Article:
The following prove particularly successful for private groups and can be morning or afternoon, and can include lunch, which I will arrange and book for you if required. However you can select from any of the ‘90+ Walks I Do’ .

Half days £20 per head, min. charge £220. Full days £25 per head, min.charge £300.
Special group rates for CAF registered charities.

BEDFORD PARK  (CHISWICK) – ARTS & CRAFTS + AESTHETES
The opening of the tube westwards in the mid 19c. prompted the development of a purpose-built suburb of grand houses, many designed by Norman Shaw complete with church, schools, shops, pub and social club. Pre-dating Hampstead Garden Suburb, it gave impetus to that movement.

BETHNAL GREEN – Heart of the East End
This is the area most associated with the term ‘East End’, typified in the now legendary plucky resistance to the horrors of the Blitz.  To the surprise of many there is still a ‘green’ and many elegant 18c houses and grand Victorian ‘villas’.  A favourite haunt of Pepys, it soon declined from rural retreat to notorious Victorian slum, which gave rise to the founding of Victoria Park which the walk briefly visits. It is difficult to believe one is only 3 miles from the City  (+ 45 min. optional extension exploring evolution of social housing).

BERMONDSEY AND ROTHERHITHE (+ lunch in  riverside pub)
Bermondsey until recently an ‘outcast’ area because of its tanning and wool trade is now re-emerging from its Victorian dockland and industrial past into one of London’s most ‘trend-setting’ areas.  Rotherhithe once a maritime settlement is now also developing into a ‘property hotspot’, but still retains its village feel clustered round the 18c. church and riverside ‘Mayflower Inn’- www.themayflowerrotherhithe.com where we will have lunch. Opportunity to visit the Brunel Museum www.brunel-museum.org.uk.

BLOOMSBURY – ‘LIFE IN SQUARES
Georgian squares, and home of the British Museum – where walk ends. Stories of the Bloomsbury Group, Dickens, TS Eliot, George Orwell and life of bohemian London of late 19c. and early 20c.

BORN-AGAIN BRIXTON – A thriving market and a story of revival and regeneration
A walk that explores the centre of Brixton, including its colourful market, but also visits an award-winning redevelopment of a once notorious ‘sink’ housing estate, and Zaha Hadid’s Sterling Prize winning Academy (2 ½ hrs). (Lunch in Brixton covered market at award-winning Casa Sibilla – Wed-Fri. only).

THE BLITZ AND ITS EFFECT ON THE 21ST C. CITY
A walk concentrating on the events, characters, and human stories of the terrifying months of the winter of 1940/41. These events will also be put contemporary context by showing how the effect of the Blitz is still influencing London today.  Walk ends on a new viewing gallery with a spectacular view over St Pauls and the City. (Meze lunch in a Lebanese restaurant).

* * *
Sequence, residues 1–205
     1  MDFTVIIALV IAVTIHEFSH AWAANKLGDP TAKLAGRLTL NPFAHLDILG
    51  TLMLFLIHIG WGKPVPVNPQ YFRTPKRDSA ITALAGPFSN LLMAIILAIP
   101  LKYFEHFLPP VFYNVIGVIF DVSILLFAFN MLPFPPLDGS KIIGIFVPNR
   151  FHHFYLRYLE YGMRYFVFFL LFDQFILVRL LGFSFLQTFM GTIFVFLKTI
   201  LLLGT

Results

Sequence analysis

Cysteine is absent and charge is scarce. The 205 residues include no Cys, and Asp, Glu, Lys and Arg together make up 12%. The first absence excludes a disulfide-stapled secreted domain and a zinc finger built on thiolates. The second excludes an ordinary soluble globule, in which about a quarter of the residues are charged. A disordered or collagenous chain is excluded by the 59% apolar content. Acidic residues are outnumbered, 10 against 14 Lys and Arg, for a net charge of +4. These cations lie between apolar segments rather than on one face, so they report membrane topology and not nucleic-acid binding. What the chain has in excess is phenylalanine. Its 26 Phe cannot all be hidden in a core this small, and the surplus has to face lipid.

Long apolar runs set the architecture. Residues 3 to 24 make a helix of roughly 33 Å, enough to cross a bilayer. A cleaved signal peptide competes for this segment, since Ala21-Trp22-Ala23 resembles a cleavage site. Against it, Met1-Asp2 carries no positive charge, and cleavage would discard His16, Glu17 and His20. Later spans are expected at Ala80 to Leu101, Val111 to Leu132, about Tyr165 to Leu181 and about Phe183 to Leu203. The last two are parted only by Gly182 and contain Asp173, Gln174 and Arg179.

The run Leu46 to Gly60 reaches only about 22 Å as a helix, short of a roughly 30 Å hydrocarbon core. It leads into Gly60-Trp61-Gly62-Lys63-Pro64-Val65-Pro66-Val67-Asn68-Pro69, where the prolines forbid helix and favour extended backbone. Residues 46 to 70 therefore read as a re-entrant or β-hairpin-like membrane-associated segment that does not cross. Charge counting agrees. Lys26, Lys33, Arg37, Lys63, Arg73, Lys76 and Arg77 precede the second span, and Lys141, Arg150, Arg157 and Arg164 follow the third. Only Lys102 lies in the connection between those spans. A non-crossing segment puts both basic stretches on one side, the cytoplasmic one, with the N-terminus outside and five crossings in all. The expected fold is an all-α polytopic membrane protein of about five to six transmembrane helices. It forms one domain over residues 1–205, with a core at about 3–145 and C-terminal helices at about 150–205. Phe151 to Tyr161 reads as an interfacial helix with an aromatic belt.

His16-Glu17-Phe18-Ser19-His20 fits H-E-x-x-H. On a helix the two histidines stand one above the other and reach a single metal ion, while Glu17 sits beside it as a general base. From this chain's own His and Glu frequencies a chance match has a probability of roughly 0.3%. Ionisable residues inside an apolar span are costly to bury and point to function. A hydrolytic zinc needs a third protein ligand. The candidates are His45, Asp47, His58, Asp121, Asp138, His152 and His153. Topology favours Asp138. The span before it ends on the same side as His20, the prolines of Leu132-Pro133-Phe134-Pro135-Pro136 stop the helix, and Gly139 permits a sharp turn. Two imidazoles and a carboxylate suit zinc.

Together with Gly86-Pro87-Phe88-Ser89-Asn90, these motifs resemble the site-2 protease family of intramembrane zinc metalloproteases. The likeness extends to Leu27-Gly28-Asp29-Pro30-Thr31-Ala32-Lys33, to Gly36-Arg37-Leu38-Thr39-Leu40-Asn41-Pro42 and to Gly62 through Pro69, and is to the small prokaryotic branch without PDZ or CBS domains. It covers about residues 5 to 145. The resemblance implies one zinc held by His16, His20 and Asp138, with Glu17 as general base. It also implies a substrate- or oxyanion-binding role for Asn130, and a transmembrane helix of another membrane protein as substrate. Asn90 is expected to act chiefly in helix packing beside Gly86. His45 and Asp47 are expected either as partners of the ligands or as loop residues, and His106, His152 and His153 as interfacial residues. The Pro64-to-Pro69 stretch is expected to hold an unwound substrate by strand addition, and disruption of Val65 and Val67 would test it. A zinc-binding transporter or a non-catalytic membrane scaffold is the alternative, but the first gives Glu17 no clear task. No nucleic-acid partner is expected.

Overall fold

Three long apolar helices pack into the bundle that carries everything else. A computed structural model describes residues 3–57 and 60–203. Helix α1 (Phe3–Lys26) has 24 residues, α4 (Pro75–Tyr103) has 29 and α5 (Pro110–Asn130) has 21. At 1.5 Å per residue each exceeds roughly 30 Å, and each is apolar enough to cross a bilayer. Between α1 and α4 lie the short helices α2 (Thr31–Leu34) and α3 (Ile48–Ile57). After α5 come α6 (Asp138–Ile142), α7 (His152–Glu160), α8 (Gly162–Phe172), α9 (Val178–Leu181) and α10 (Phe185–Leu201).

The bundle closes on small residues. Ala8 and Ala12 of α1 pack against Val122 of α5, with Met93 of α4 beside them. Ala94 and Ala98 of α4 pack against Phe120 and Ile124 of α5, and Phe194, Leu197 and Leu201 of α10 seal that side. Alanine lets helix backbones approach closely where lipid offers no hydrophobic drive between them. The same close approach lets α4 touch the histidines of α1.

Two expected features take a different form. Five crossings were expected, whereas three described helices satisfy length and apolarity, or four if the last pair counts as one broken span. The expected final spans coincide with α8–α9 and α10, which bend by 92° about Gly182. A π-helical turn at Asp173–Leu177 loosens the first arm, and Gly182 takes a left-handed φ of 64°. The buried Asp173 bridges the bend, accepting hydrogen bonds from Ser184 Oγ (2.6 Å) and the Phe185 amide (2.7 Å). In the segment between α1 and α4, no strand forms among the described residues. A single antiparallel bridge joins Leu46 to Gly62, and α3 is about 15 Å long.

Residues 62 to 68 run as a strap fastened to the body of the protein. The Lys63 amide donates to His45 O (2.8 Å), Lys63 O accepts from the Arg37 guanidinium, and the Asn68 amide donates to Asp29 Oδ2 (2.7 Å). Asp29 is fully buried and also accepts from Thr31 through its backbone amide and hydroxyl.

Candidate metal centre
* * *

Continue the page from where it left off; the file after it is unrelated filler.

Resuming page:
NEW BUILDINGS OF THE CITY – The Post-Brexit Effect
TIn its 2000yr. history the City has faced many cataclysmic events, the Great Fire and Blitz, end of Empire and ‘Big Bang’, and each time it has risen metaphorically and literally ‘from the ashes’.  Now comes the challenge of Brexit.   In response the City has developed a new strategy which is reflected (yes double meaning intended!) in its new buildings.  Get a real flavour of the City rising to the challenge of the next phase in its history (2 ½ hrs +). (Lunch in Leadenhall Mkt).

CHELSEA VILLAGE
A walk exploring what the locals would call ‘Chelsea Village’. Starting mid-way down the Kings Road, it is a walk of 2 halves, the first concentrating on the Kings Road of the swinging 60s and the narrow streets either side of it, the second walking throught the artists’ quarter to reach the original riverside Tudor village, site of  Henry VIII’s manor house and home to Thomas More. Tthe walk continues along Cheyney Row, past the Physic Garden and back to the Kings Road (2 ½ hrs)(Can end with lunch at a gastro pub near the river).

ROYAL AND BOHEMIAN CHELSEA
A walk from Sloane Square – Sloane Rangers and the Kings Road, past Wren’s masterpiece – the Royal Hospital – home of the Chelsea pensioners, to weave through the elegant roads and squares with stories of artists and writers who made it infamous as the 19th century bohemian haunt of London. (Lunch in a gastro pub near the river).

CHISWICK – GEORGIAN RIVERSIDE AND THE ARTS AND CRAFTS MOVEMENT
Walk starts with a brief exploration of Bedford Park, (see above for walk of Bedford Park in detail) designed by Norman Shaw, as the first experiment in garden suburbs. then go under A4, to the 15c Chiswick riverside village and continues along Chiswick Mall finishing by William Morris’ Kelmscott House and the 17c Dove Pub (approx 3 miles – 3hrs).

CITY – CHURCHES (Interiors weekdays only)
The glory of the City of London – over 38 churches in a stone’s throw of each other, the many designed by Christopher Wren, some by Nicholas Hawksmoor, a few surviving the Great Fire of London.  Walk eminently flexible it can either concentrate on interiors visiting up to 4 churches, concentrate on just Wren churches, or can pass more churches by seeing exterior only (latter can be done at weekends). (Half or full day options available with lunch in City pub).